As illustrated, actuator elements 24 and 25 are spaced apart along the body 10 in vertically straddling and opposed relation to the sidewall sealing assembly 33. Within the space thus provided between the actuator elements, there is provided a chamber 40 which functions as a carrier space for an explosive perfo-rator element, such as the shaped charge 41 and metallic liner 4-2 illustrated, as well as functioning to provide a local fluid environment of controlled or predictable character, insofar as pressure and kinematic viscosity properties thereof are concerned, upon the firing of the explosive charge 41.
Sidewall sealing assembly 33 is comprised of an annular sealing element 34 of rubber-like material, and a port plug 35 which extends in sealed relation through the body into the chamber 40. The portion of the port plug 35 which extends within the chamber 40 is configured to receive the conically concave lined end of charge 41 to position the same so that the jet or perforating axis thereof, i.e., the axis of the concave end, coincides with the axis of a perforating passageway 36 in the port plug 35. A thin wall 37 normally closes the perforating passageway 56, but is adapted to be easily breached by the jet, comprised of a metallic liner 42, when the same, projected from the chamber 46 upon the firing of the charge.
Referring now to FIG. 3, wherein sidewall sealing assembly 33 is shown in greater detail, port plug 35 is seen to be comprised of a flange-like element 35A to which the annular sealing element 34 is attached, as by vulcanization, and a port plug per se 35B which extends in sealed l relation to a bore 46 provided in the flange-like element. The flange-like element 35A is provided with an annular plenum 47, generally coaxial with respect to bore 46, and a pair of O-ring seals 48 disposed in straddled relation to the plenum 47 for sealing engagement with the exterior of the port plug 35B. The port plug 35B is provided with a number of injection passageways 49 extending radially from plenum 49 intermediate the O-ring 48 and communicating with perforating passageway 36. Plenum 47 is in fluid communication with an injection conduit 50 which extends from the flange-like element 35A exteriorly of the body 10. Conduit 50 may desirably be provided with a check valve 51 disposed to pass fluids flowing toward plenum 47, but to block any fluid flow from the plenum 47 along the conduit 5%. The relationship of the radial injection passageways 49 with respect to perforating passageway 36 will be discussed in greater detail hereinafter.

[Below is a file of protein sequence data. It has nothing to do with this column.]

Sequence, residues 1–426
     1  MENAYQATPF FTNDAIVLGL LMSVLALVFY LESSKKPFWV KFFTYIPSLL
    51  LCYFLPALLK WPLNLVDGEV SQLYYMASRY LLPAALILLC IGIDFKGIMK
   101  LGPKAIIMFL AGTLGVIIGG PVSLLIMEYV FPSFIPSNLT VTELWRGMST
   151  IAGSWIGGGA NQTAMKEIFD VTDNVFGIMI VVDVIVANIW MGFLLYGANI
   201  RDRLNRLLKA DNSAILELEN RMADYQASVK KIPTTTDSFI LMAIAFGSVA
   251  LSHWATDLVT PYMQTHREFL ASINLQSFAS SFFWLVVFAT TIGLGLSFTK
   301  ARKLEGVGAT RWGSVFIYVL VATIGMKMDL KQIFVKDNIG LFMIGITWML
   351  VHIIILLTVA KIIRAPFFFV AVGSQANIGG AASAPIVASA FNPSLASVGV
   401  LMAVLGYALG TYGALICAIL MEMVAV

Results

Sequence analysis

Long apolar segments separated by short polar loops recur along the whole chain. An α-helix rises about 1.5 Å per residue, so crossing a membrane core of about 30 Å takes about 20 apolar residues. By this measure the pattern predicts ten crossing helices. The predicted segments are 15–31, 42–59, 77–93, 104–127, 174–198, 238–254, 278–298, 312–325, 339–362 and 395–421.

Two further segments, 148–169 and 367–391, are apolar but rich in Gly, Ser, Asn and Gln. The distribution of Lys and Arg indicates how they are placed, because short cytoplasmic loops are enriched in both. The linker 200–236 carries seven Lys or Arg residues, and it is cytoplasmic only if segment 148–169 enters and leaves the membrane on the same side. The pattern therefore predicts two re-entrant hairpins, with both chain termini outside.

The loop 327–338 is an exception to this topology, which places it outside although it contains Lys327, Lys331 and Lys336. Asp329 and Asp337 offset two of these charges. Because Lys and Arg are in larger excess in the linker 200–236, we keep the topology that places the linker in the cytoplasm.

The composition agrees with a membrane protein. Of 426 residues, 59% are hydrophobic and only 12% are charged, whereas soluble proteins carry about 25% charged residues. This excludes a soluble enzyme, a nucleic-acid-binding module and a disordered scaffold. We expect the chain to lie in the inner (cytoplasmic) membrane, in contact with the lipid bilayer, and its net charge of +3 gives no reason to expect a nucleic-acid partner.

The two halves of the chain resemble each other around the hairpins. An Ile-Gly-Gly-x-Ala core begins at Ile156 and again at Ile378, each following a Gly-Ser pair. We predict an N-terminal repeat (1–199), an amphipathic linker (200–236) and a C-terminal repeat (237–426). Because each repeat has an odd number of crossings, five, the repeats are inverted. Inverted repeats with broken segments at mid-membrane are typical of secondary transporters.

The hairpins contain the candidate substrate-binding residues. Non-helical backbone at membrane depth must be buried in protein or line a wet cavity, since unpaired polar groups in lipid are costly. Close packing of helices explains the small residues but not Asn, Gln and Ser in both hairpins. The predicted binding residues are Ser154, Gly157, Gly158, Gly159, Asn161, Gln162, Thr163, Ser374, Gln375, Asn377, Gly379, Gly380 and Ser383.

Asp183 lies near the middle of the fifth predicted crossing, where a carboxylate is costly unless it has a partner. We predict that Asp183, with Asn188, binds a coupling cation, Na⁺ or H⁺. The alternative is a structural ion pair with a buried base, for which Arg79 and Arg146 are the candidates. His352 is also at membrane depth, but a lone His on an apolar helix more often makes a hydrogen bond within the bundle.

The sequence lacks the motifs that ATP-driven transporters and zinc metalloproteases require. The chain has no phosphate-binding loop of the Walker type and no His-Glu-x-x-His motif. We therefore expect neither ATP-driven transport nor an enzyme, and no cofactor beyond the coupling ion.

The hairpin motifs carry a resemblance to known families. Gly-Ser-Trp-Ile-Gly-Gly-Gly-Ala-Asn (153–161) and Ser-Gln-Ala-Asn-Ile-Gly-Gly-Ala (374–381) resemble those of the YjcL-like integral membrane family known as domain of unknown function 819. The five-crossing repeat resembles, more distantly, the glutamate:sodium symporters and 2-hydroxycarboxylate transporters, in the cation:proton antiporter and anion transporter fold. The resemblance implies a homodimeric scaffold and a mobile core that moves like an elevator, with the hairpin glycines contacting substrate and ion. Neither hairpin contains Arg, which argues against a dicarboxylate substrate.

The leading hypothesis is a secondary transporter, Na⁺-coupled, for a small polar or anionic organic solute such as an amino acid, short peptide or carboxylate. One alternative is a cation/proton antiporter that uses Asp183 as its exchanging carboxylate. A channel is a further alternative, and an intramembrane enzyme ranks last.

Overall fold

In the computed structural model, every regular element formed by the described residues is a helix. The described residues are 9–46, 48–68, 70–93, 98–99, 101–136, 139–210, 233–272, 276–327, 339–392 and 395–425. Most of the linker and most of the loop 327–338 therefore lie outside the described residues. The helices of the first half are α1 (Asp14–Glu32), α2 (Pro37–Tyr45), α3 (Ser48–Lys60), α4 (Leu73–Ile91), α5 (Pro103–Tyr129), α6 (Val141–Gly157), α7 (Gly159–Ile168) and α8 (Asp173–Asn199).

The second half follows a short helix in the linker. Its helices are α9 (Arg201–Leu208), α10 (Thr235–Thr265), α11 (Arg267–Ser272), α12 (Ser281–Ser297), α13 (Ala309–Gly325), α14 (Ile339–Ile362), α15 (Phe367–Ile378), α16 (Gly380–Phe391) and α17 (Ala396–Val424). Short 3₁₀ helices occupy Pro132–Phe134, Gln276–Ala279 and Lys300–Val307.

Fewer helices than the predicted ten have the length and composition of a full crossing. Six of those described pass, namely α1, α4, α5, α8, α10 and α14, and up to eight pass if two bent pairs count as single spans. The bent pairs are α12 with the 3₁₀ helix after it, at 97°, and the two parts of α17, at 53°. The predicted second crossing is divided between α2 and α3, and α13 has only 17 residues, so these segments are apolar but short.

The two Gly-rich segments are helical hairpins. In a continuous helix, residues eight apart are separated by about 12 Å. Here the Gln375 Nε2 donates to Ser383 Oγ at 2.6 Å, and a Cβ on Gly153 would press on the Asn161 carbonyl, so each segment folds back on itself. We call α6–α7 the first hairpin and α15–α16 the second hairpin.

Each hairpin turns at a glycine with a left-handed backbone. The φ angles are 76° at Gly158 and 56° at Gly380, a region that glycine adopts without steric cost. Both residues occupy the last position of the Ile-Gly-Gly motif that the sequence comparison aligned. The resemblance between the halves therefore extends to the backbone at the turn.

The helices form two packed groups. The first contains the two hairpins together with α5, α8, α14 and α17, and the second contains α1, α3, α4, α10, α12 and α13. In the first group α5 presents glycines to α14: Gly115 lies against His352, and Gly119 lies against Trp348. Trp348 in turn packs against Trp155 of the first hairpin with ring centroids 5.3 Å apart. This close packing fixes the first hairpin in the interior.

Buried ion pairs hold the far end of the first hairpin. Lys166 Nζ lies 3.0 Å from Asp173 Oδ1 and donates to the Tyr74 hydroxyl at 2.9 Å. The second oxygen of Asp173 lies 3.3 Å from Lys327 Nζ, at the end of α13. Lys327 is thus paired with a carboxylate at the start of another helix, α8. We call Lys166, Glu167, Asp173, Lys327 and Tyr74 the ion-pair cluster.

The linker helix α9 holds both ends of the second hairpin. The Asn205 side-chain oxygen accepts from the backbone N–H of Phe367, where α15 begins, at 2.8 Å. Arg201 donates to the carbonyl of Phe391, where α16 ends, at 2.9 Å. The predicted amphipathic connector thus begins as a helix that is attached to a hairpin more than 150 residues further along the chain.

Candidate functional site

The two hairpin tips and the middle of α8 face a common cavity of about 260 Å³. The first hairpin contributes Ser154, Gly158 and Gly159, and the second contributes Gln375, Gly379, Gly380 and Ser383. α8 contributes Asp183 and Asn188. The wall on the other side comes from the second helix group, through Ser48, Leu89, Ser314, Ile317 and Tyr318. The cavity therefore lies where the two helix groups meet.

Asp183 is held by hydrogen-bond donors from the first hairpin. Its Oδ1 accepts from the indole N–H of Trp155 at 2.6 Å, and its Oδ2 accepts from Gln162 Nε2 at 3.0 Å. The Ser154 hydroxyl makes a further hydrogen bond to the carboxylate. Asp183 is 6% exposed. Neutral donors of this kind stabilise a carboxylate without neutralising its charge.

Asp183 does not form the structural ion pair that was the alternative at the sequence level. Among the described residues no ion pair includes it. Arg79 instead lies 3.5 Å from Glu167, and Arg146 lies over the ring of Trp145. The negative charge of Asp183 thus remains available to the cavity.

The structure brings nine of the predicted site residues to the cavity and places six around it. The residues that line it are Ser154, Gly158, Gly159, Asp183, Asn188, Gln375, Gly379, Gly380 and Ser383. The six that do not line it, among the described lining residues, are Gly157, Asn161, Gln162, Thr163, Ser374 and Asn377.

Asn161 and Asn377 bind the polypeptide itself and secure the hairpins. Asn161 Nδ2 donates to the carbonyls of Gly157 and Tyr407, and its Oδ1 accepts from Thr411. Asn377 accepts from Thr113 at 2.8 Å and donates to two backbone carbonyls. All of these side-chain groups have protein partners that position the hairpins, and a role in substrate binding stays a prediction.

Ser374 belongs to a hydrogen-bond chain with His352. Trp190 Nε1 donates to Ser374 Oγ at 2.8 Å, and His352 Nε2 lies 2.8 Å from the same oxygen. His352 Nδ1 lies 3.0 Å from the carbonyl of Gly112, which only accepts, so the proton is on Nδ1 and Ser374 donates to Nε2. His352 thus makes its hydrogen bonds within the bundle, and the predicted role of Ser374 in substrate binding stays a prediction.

The lower end of chamber 40 is defined by the top surface of a piston 53 in sealed slidable engagement within a cylinder 54 provided in body 10 in communication with chamber 40, but set apart therefrom by an inwardly directed flange 55. Piston 53, initially positioned in abutting relation to the flange 55, is adapted to be displaced downwardly in cylinder 54 in response to pressures within chamber 40. Piston 53 is provided with a depending rod portion 5-6 which extends in sealed slidable engagement within a bore 57 provided in the body 10. Piston 53 and rod 56 are normally maintained in a upward disposition by a shear pin 58. The lower end of conduit 50 communicates with the bore 57 by means of a passageway 59 opening thereinto. Bore 57 also communicates by means of a passageway 60 with an injection conduit 61 which extends externally of the body 10 to the lower section 7%) of the apparatus. The lower end of rod 56 is provided with spaced-apart seals 62 and 63 which, in the normal position of rod 56, served to block fluid communication from passageway 60 to the bore 57 and thus constitute a valve normally blocking fluid communication between the conduits 50 and 61. The rod 56 is also provided with an annular groove 64 which, when the rod is displaced downwardly, provides for fluid communication between the conduits 50 and 61 when the rod is actuated downwardly. An O-ring seal 63' is provided such that it, together with O-ring seal 63, seals each side of groove 64. With the rod 56 in the upward or normal position, a space 65 is defined in the lower extremity of bore 57, which space is filled with a liquid, e.g., a silicone oil, having a slight amount of compressibility. The space 65 is communicated with cylinder 54 beneath piston 53 by means of a constricted high-resistance fluid flow path 66. The speed of the displacement of piston 53 and rod 56, in response to the pressure chamber 40, is controlled by the rate of displacement of the liquid from space 65 into chamber 54. This accomplishes a desired delay in communicating the conduits 5t and 61 subsequent to the firing of shaped charge 41. Of course, suflicient space remains in cylinder 54 beneath 53 after its full stroke to receive the entire volume of liquid originally contained in the space 65. When the piston 53 and rod 56 go full stroke in response to pressures in chamber 40, a spring loaded detent 67 provided in the body 10 engages a groove 67 provided in the rod 56 to maintain the same in an actuated disposition.